Day two on the London at MIPIM stand represented something of an exploration of collaboration and communities.
Curating diverse places
While there was an example of bad collaboration in the current government, said Ros Morgan of the Heart of London BID, the general BID model provided the other end of the spectrum. But another way of ensuring that communities prosper is to curate sufficient mixed tenure schemes, said Jonathan Martin of Waltham Forest in a session on ‘maximising value’. The Blackhorse Workshops in his borough are a good example of this, providing much needed workspace that has already been expanded twice to meet demand. And when it comes to consultation, the wider the audience, the better the process, said VUCity’s Jamie Hawthorn. The key to that lies in engaging with time-poor people, with web-based platforms providing a potential solution.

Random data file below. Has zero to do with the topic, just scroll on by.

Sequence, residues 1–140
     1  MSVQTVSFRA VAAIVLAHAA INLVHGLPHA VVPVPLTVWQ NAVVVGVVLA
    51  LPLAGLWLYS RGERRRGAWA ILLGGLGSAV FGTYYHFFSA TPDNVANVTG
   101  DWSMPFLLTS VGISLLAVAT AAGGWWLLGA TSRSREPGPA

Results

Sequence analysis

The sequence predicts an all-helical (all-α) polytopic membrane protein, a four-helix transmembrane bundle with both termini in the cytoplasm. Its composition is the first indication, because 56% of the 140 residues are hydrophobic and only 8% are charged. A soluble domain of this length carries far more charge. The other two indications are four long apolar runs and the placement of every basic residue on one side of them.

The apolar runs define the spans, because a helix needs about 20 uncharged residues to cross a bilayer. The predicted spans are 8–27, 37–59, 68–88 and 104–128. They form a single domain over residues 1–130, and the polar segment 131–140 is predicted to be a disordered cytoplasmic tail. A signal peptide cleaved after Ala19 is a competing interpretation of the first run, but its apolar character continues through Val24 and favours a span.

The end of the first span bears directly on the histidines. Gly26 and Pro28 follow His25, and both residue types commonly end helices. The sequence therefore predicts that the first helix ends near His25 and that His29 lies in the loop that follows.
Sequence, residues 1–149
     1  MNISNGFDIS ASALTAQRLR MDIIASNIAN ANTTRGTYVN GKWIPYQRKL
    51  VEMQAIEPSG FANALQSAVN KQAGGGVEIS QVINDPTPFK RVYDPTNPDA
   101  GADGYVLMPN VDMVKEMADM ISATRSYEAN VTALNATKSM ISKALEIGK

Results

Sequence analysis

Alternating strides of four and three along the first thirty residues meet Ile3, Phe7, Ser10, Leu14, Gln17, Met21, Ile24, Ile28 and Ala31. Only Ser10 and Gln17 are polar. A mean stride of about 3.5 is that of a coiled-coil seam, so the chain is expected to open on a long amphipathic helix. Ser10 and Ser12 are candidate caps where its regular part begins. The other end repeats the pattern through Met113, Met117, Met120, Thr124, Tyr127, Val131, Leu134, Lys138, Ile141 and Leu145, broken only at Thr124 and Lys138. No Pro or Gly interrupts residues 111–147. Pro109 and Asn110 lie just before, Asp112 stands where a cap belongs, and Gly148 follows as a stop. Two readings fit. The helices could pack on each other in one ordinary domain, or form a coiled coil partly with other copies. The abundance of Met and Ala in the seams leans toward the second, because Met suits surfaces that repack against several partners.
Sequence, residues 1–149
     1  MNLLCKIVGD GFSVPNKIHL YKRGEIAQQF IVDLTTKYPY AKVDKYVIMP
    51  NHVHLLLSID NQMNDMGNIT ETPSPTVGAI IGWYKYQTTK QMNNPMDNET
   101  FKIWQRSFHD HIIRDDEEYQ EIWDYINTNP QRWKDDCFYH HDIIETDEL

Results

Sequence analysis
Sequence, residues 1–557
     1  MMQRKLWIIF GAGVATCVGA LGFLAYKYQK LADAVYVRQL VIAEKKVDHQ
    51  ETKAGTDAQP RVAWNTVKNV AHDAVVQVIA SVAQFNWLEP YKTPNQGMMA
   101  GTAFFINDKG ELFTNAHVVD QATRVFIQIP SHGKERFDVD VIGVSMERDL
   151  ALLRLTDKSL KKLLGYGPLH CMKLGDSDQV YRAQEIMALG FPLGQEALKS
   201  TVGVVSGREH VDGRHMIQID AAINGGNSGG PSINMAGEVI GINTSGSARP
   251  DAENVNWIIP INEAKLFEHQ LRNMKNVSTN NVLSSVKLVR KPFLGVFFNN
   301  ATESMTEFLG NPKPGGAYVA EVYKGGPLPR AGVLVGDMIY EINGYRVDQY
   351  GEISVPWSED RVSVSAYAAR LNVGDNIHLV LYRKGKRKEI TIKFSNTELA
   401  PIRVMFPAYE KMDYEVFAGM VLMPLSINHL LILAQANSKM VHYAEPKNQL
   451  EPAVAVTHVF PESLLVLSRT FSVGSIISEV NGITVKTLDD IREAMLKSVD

Back to basics – and ‘experience’ - for high streets